Horrors on the Road: Two Sinister Road Ghosts



Bunworth Banshee, Fairy Legends and Traditions of the South of Ireland by Thomas Crofton Croker, 1825

The Banshee

[Disclaimer: The illustration is actually a banshee. I couldn’t find an appropriate Gwyllion picture in the sea of modern artwork of unearthly creatures, male and female, whose faces (and other bits) are very visible.]

There is a particular category of road ghost, often female, that is seen always from behind. No matter how much the pursuer (inevitably a single man) runs or lashes his horse, he cannot catch up to the creature and does not see her face–she usually wears some kind of headgear. Here are two examples, one from Wales and one from Mississippi. The Welsh example is framed as a trickster spirit or witch (the narrator is a minister), and also has traits of the will-o-the-wisp, which can take the form of a purported guide or of a person in distress.  

LLANHYDDEL MOUNTAIN was formerly much talked of, and still remembered concerning an Apparition which led many people astray both by day and by night, upon this mountain. The Apparition was the resemblance of a poor old woman, with an oblong four-cornered hat, ash-coloured clothes, her apron thrown across her shoulder, with a pot or wooden can in her hand, such as poor people carry to fetch milk with, always going before them, sometimes crying out WOW UP**. Whoever saw this Apparition, whether by night or in a misty day, though well acquainted with the road, they would be sure to lose their way; for the road appeared quite different to what it really was; and so far sometimes the fascination was, that they thought they were going to their journey’s end when they were really going the contrary way. Sometimes they heard her cry WOW UP, when they did not see her.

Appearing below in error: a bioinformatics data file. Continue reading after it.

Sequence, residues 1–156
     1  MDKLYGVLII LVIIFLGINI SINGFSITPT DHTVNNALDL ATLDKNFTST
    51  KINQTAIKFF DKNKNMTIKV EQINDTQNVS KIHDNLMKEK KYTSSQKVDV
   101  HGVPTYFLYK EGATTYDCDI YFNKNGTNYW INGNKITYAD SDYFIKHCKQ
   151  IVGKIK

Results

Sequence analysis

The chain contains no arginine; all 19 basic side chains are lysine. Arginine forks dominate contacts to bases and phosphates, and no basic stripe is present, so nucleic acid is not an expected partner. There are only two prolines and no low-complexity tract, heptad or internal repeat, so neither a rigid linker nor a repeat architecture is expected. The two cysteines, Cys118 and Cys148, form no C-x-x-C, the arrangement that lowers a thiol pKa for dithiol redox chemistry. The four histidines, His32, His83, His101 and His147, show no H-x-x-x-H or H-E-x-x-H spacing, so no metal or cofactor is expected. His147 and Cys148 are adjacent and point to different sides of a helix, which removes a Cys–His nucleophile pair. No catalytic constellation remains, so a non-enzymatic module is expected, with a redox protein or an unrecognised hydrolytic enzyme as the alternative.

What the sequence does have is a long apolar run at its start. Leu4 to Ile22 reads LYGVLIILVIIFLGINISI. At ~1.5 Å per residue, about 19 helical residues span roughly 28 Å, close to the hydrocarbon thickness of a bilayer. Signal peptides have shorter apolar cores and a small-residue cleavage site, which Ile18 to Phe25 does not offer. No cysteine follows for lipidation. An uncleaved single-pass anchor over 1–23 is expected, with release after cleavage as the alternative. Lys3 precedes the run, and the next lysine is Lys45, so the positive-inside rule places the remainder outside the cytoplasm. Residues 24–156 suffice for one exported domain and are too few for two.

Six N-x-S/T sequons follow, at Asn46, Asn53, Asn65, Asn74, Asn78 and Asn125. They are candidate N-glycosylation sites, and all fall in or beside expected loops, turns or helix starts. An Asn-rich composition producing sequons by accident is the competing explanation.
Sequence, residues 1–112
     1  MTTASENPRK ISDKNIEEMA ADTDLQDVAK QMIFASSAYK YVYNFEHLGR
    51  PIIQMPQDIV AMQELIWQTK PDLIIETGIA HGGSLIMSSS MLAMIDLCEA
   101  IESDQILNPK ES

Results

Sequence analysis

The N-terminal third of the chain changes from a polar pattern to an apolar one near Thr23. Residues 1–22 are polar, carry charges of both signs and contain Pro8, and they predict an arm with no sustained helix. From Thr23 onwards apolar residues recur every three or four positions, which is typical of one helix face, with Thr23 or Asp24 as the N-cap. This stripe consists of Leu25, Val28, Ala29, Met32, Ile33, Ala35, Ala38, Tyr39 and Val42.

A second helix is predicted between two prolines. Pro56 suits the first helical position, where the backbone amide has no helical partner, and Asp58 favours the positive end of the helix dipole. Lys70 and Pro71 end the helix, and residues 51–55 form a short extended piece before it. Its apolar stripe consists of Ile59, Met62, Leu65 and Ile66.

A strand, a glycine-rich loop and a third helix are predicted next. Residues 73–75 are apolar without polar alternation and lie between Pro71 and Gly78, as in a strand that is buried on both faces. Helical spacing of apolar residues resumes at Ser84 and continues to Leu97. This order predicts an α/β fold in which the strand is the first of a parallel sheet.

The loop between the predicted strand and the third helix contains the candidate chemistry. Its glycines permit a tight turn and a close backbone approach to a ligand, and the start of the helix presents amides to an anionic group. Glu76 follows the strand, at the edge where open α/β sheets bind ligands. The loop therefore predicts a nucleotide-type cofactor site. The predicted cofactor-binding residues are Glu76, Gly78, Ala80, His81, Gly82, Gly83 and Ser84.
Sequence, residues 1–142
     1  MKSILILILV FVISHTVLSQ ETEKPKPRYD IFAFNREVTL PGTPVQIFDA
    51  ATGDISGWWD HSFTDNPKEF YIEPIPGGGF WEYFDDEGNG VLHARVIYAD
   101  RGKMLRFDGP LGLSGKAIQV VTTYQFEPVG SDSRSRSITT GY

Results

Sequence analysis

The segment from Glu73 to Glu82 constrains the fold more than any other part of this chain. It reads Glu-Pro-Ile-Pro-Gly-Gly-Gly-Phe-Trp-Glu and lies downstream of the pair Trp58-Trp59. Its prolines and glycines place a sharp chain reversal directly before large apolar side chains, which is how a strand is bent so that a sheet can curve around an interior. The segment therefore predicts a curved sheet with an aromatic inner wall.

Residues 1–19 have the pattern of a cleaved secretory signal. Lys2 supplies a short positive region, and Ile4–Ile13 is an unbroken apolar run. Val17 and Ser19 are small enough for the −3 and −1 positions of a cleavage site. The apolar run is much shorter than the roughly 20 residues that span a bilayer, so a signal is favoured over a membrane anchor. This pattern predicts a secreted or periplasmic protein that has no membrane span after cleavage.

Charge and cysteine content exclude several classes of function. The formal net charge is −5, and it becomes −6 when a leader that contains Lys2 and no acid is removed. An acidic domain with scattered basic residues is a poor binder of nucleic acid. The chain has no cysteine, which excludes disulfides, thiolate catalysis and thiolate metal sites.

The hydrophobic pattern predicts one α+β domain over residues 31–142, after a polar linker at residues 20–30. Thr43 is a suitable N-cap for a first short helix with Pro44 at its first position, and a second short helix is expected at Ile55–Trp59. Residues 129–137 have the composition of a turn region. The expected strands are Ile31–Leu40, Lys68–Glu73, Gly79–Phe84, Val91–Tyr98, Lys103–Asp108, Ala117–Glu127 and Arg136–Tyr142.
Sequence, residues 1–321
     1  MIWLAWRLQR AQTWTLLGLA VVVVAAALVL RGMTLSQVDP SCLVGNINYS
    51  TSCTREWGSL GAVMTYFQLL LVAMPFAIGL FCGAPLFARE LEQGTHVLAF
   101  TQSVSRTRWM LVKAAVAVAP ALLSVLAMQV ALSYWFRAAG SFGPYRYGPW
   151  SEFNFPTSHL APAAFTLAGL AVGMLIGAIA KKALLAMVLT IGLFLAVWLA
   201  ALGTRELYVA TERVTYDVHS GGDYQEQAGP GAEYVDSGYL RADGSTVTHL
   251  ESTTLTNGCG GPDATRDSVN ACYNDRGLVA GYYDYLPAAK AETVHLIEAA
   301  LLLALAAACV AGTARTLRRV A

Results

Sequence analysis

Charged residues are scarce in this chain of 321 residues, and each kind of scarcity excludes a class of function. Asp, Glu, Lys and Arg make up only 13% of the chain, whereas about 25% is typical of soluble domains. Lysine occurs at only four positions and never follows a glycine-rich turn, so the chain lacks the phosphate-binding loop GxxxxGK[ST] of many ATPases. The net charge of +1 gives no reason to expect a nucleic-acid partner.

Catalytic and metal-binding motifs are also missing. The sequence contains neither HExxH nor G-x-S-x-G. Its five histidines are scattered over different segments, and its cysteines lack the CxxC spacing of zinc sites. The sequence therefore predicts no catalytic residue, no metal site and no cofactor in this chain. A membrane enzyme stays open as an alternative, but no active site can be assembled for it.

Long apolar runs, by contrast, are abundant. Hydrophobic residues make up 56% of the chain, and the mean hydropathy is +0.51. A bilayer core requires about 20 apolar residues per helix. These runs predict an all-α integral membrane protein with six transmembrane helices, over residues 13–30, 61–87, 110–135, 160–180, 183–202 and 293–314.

Sometimes, when they went out by night to fetch coal, water, &c. they would hear the cry very near them, and presently would hear it a-far off, as if it was on the opposite Mountain, in the Parish of Aberystruth, and sometimes passing by their ears.

The people have it by tradition, that it was the Spirit of one Juan White#, who lived time out of mind in these parts, and was thought to be a witch because the Mountain was not haunted with her Apparition until after her death. When people first lost their way, and saw her, they thought it was a real woman which knew the way; they were glad to see her, and endeavoured to overtake her to enquire about the way; but they could never over-take her, neither would she ever look back to see them ; so that they never saw her face.

She has been seen and heard upon other Mountains, even as far up as the Black Mountain in Breconshire. Robert Williams, of Langattock Crickhowel, a substantial man and of undoubted veracity; as he was travelling one night over part of the Black Mountain, saw her; and having lost his way, called her to stay for him ; but receiving no answer, thought she was deaf: he then hastened his pace, thinking to over-take her, but could not; for the swifter he ran the farther he was behind ; — at which he wondered very much, neither did he know the reason of it, not thinking it was a Spirit which he saw and heard. In trying to overtake her his foot happened to slip in a marshy place, at which his vexation increased; he then heard her laugh at it, like an old woman: he was now much wearied and his mind greatly troubled, having some thoughts of an Apparition ; and happening to draw out his knife for some purpose, she vanished : he then perceived he was in a most dangerous place; but he soon found his way home, and was very glad to find himself delivered from the unmerciful delusion.

She once led a man to and fro in a misty day at Peny ddoi-gae Mountain; for after travelling much, he came to a bush of rushes; this gave him so great a concern, that he afterwards made a song of complaint and reproach against her, in which he mentioned her four-cornered hat, &c. but her chief haunt was on Llanhyddel Mountain. — I recollect hearing, when I was a young lad in Aberystruth Parish, of persons having lost their way in coming home from Pontypool Market, upon that Mountain.